Samantha Herrick

Position title: Solmsen Fellow (2016-2017)

History, Syracuse University

Portrait Image of Samantha Herrick

Networks of Shared Imagination: Apostolic Legends in Medieval Europe

People often depict the past as they wish it to have been. Such historical construction is the subject of my research, which examines medieval legends claiming that numerous European cities were evangelized at the dawn of Christianity by figures close to Jesus. These legends, at odds with reliable evidence and so widespread as to be cliché, have received more derision than study. My research instead considers them as a meaningful discourse at once local and widely shared. On the local level, I use them to understand how communities navigated change and competition. By tracing the networks along which the legends traveled, I investigate how communities shared information. Additionally, my work argues that these legends reflect a collaborative approach to historical construction, through which far-flung writers, readers, and scribes wove individual histories into a larger narrative.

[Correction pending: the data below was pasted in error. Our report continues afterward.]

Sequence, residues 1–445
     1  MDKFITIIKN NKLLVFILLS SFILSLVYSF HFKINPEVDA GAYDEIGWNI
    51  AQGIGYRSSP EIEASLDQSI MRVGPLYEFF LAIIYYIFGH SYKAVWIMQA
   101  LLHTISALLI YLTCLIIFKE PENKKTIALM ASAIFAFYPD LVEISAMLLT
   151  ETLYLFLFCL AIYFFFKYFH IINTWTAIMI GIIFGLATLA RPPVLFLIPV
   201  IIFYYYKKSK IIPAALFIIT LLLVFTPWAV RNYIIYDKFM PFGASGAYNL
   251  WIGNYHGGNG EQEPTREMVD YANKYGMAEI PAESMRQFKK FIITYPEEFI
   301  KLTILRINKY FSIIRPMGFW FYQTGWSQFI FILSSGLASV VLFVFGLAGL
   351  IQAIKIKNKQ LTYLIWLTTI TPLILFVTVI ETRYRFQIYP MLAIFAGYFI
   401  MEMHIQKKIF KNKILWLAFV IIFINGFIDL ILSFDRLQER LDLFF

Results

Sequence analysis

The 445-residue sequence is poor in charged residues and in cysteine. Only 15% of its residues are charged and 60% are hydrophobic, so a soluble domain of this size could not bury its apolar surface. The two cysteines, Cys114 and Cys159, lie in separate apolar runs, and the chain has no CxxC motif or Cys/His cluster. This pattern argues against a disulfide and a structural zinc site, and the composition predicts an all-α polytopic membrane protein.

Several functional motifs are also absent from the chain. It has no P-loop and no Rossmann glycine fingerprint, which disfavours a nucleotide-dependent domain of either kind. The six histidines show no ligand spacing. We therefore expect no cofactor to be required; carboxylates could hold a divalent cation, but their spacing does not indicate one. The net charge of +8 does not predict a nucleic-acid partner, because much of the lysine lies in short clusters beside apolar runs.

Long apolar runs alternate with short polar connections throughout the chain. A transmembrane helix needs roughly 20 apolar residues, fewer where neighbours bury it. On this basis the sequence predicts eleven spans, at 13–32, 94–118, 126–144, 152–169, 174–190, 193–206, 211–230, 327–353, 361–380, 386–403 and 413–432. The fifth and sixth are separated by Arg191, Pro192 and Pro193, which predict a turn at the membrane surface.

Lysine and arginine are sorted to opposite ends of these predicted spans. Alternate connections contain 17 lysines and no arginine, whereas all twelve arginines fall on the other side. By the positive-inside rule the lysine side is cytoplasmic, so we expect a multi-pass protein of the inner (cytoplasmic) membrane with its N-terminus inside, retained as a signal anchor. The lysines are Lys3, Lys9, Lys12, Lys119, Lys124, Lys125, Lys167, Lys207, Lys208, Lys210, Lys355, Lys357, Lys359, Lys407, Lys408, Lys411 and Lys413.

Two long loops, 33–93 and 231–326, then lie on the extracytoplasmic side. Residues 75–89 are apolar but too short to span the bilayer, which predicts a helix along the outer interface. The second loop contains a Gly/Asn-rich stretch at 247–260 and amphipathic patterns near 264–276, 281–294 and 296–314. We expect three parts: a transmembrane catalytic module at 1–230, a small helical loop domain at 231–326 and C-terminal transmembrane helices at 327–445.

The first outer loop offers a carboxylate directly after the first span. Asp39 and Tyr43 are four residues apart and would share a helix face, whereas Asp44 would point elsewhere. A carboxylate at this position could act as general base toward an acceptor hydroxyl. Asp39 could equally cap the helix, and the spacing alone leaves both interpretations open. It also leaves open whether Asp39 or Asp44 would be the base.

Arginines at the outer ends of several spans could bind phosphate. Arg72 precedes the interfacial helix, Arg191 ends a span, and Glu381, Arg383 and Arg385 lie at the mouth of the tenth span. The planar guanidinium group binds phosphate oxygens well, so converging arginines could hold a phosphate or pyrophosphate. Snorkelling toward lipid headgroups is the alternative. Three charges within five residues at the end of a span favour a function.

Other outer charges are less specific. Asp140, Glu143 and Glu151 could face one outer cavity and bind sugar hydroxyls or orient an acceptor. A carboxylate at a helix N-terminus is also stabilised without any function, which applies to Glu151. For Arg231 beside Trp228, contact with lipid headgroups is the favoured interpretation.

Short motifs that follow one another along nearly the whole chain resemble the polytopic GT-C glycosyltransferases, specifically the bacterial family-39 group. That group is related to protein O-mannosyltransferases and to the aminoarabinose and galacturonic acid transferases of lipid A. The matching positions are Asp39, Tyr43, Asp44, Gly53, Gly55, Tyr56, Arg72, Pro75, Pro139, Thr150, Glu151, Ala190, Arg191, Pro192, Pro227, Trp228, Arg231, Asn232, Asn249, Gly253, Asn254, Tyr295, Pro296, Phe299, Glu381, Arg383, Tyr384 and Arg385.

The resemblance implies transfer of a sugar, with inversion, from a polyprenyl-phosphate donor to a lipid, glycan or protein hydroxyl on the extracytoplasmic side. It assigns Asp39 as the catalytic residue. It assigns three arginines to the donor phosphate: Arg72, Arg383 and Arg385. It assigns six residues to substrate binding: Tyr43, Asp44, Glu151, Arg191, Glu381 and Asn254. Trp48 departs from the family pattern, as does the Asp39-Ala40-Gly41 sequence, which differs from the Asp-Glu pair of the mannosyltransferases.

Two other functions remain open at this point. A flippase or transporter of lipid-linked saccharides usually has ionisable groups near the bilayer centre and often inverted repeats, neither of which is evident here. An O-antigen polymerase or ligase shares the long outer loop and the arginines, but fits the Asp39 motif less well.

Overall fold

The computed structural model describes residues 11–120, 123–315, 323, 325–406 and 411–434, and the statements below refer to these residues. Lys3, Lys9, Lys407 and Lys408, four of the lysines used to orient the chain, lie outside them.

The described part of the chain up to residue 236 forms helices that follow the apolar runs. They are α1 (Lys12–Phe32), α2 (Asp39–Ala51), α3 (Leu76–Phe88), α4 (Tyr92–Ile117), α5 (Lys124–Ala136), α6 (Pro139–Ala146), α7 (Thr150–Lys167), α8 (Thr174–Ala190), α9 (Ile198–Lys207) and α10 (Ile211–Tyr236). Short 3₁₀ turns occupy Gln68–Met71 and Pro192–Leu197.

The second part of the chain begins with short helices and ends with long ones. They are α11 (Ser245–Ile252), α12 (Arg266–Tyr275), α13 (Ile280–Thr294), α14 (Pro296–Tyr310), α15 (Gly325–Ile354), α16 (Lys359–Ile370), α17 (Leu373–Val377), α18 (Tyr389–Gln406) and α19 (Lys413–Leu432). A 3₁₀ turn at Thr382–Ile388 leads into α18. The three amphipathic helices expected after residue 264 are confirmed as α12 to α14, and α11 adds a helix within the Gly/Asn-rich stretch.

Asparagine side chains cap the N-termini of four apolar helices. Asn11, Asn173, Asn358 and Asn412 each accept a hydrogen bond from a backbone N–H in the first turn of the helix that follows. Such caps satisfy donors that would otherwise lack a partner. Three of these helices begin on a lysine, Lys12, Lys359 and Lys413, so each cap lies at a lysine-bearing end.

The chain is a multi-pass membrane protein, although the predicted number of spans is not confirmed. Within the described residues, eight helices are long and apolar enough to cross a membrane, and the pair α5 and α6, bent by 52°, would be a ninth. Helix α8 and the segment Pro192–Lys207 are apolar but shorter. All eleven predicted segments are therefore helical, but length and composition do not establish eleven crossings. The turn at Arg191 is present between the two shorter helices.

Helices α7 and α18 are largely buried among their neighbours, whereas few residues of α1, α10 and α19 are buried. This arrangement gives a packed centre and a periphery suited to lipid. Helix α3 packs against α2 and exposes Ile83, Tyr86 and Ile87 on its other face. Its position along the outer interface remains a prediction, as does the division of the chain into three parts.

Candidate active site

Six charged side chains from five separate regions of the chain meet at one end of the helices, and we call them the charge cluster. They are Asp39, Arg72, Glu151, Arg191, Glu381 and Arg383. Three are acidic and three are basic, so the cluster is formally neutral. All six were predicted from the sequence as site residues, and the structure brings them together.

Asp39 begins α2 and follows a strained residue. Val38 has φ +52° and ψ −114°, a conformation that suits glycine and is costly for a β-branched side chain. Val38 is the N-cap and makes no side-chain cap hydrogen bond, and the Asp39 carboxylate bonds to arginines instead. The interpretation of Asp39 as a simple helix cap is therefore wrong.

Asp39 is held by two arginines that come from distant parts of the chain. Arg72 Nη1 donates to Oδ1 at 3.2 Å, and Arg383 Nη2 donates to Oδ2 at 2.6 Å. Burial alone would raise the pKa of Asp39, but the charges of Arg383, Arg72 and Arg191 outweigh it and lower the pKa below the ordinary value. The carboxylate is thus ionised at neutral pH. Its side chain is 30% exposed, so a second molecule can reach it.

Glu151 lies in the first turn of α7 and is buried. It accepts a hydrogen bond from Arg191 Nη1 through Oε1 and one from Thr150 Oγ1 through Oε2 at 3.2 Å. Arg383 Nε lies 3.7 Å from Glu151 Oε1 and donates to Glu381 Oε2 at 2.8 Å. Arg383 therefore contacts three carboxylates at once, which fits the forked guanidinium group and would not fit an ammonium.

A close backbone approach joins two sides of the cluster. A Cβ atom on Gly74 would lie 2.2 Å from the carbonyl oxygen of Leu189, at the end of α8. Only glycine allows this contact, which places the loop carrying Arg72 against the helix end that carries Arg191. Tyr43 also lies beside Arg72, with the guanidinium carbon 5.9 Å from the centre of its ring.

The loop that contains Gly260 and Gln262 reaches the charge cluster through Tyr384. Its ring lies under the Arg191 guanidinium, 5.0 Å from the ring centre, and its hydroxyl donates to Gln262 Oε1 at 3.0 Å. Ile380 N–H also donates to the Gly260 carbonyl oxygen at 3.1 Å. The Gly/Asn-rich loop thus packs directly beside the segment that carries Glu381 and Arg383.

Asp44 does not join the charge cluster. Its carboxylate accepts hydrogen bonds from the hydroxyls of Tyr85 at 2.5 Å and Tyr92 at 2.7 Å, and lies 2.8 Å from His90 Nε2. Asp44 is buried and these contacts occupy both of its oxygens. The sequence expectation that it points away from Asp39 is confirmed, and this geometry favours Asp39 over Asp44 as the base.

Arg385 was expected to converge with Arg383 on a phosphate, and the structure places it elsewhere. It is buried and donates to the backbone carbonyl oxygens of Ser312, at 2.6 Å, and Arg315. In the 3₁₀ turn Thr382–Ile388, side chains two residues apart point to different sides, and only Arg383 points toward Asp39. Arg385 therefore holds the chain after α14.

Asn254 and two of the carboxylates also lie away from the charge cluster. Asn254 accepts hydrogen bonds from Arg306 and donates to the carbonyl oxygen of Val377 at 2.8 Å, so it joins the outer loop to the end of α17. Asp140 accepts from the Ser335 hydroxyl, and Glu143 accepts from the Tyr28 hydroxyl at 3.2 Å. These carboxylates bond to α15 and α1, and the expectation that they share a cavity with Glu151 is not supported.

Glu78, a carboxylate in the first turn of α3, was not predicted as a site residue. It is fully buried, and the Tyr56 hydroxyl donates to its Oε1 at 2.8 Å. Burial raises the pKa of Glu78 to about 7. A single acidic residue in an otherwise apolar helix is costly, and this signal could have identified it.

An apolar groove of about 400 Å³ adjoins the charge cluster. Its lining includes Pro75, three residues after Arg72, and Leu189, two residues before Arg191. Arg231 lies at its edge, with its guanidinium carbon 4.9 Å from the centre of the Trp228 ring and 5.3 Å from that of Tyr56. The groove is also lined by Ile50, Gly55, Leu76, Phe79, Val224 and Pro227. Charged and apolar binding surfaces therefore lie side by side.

Samantha Kahn Herrick is Associate Professor of History at Syracuse University. Her research focuses on medieval Europe and, in particular, the uses and significance of hagiographical legends. In addition to studying how and why medieval people fashioned and disseminated stories about the past, she is also interested in how historians can use problematic but abundant hagiographical legends to supplement the very limited number of more “reliable” sources. Her first book demonstrated the political significance of legends celebrating largely imaginary saints. She is currently writing a monograph about a neglected body of apostolic saints’ lives and co-editing a volume on history and hagiography. She has been a fellow at the Syracuse University Humanities Center (2014-15) and a Scruggs Faculty Research Scholar (2012-15), a member of the Institute for Advanced Study (2011-12), and Professeur invitée at the Université Paul Verlaine, Metz (France) (2007).